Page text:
My work colleague recommended that I visit the Blue Mansion in the heritage area of Georgetown in Penang. Since “heritage” was on my agenda during that trip, I did some research about the mansion and there were very good reviews. Immediately, I noted the time of the guided tour as I wouldn’t miss it for the world.
I signed up for the 2.00pm tour which costs RM16 (USD4.30). The group was not too large – about 10 of us – thus it was easy for us to get together in a small circle and listened to the interesting stories narrated by the guide about this mansion.
The mansion is actually called The Cheong Fatt Sze Mansion, and named after the owner himself, Mr Cheong. Due to hardship and suffering during the Second Opium War (mid 19th century) in China, Mr Cheong left South China for better prospects in South-East Asia. He sought his fortunes in Jakarta, Indonesia and became a shopkeeper. He continued to become successful especially after getting married and with the help of his father-in-law, he gradually established a trading company and expanded his business of agricultural products (rubber, coffee, tea) from Jakarta to Sumatra. Gradually he became a wealthy man.
In the late 19th century, Mr Cheong’s business expanded further to Penang so much so that he settled in Penang and built a mansion on 14 Leith Street. The uniqueness of this mansion is that – according to Wikipedia – its architecture originated from the Su Chow Dynasty in China but its interior is a mix and mash of Chinese porcelain works, and Gothic louvred-windows, Art Nouveau stained-glass windows, Stoke-on-Trent floor tiles and Glasgow cast iron works.
The mansion is also known as the Blue Mansion because of its distinctive bright indigo blue colour on the exterior walls. The colour is the result of mixing lime with natural dye from the indigo plant which was imported from India by the British during the colonial period.
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The mansion was built according to the principles of Feng Shui. For example, an airwell is built in the central courtyard and when it rains, the courtyard is filled with water. Water is considered good luck in feng shui but to prevent flooding in the courtyard, the entire flooring system is built with a step in the middle to create a slope. This “slope” symbolises the ride on the dragon’s back. Rainwater flows over the slope and then escapes through the pipes underneath the flooring system. At the same time, excess water from the rooftops can be channeled through a network pipes of the upper ceiling down to the floor pipes. With this design, the courtyard will be “blessed with good luck” of water when it rains but it never floods.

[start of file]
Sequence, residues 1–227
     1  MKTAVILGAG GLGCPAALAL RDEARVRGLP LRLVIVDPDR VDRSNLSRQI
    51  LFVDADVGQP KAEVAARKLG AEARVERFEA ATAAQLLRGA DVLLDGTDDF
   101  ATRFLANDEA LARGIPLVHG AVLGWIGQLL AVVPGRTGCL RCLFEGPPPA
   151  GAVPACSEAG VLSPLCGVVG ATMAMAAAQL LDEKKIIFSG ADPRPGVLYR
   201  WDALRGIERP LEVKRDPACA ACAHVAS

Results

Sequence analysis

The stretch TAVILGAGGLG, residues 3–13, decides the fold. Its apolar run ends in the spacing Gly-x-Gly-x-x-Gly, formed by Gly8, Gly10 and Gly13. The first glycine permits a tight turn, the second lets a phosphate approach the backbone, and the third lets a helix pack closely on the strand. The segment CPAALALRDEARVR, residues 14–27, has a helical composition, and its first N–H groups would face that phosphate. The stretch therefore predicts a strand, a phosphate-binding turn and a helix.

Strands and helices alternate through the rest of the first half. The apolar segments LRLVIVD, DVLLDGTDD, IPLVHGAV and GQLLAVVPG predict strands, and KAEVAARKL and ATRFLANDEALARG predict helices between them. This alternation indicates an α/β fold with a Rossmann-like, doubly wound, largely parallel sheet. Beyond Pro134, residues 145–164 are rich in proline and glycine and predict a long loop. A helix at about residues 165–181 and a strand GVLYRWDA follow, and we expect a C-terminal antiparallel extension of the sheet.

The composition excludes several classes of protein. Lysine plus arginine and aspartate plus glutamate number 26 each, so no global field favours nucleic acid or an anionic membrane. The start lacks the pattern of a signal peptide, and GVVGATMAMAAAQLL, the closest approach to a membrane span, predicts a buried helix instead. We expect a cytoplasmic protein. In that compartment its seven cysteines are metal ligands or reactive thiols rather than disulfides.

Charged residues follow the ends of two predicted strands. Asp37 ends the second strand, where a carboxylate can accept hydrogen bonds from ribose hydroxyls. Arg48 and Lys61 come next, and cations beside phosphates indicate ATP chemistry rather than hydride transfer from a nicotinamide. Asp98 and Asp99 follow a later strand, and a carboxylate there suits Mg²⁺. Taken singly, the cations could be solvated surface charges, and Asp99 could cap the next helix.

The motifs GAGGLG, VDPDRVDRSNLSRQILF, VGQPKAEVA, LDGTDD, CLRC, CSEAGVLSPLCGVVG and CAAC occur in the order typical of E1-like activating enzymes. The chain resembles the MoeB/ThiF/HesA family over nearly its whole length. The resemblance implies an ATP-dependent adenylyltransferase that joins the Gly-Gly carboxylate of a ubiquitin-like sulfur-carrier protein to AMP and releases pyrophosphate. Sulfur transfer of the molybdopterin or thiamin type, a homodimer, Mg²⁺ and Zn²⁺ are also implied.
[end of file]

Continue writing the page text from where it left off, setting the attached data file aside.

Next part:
Over the years, Mr Cheong began a political career and in 1890, he was appointed the Chinese Consul based in Penang. During his capacity as a Chinese Consul, he worked relentlessly for the interests of overseas Chinese residents through diplomatic channels with the British. Nine years later, he was sent to China twice to present a national development plan to the Emperor of China, and that plan was well-received which resulted in him promoted as a minister for the provinces of Fujian and Guangdong.
Mr Cheong died in Indonesia in 1916, leaving behind eight wives and six sons. He stated in his will that the mansion was to remain in the family but monies left to maintain the mansion were badly spent. Eventually the 38 rooms in the mansion were let out to illegal squatters and over a period of 7 decades, the mansion fell into a severe state of dilapidation.
With the death of Mr Cheong’s last son in 1989, the mansion went on the market for sale. But conservation laws in Penang were non-existent at that time and developers were waiting greedily to get their hands on the mansion. Fortunately, a group of conservationists in Penang purchased the mansion and made plans to restore the mansion to its former glory by adhering to international best practice standards.
Local artisans together with those from Fujian Province of China painstakingly carried out restoration work in 1991. These artisans and craftsmen used original materials to rebuild the mansion; the restoration process took 6 years to complete and finally by 1997 the mansion was opened to the public for viewing. In 2000, UNESCO bestowed the Cheong Fatt Tze Mansion an Asia-Pacific Heritage Award for Culture Heritage Conservation.
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The Cheong Fatt Tze Mansion remains as a private residence but the property also operates as a boutique hotel of 18 rooms; a restaurant serving Chinese and Sichuan cuisine; and a perfect venue for weddings, parties and private dinners. In addition, tours are offered in English three times a day (11am/2pm/3.30pm) to central parts of the house.
Here’s a fun fact: the Blue Mansion was featured in the 1993 Oscar-winning French film “Indochine” starring Catherine Deneuve 🙂
So if you’re ever in Penang, do not miss the chance to visit the Cheong Fatt Tze Mansion – the 1.5 hours guided tour is absolutely worth it!
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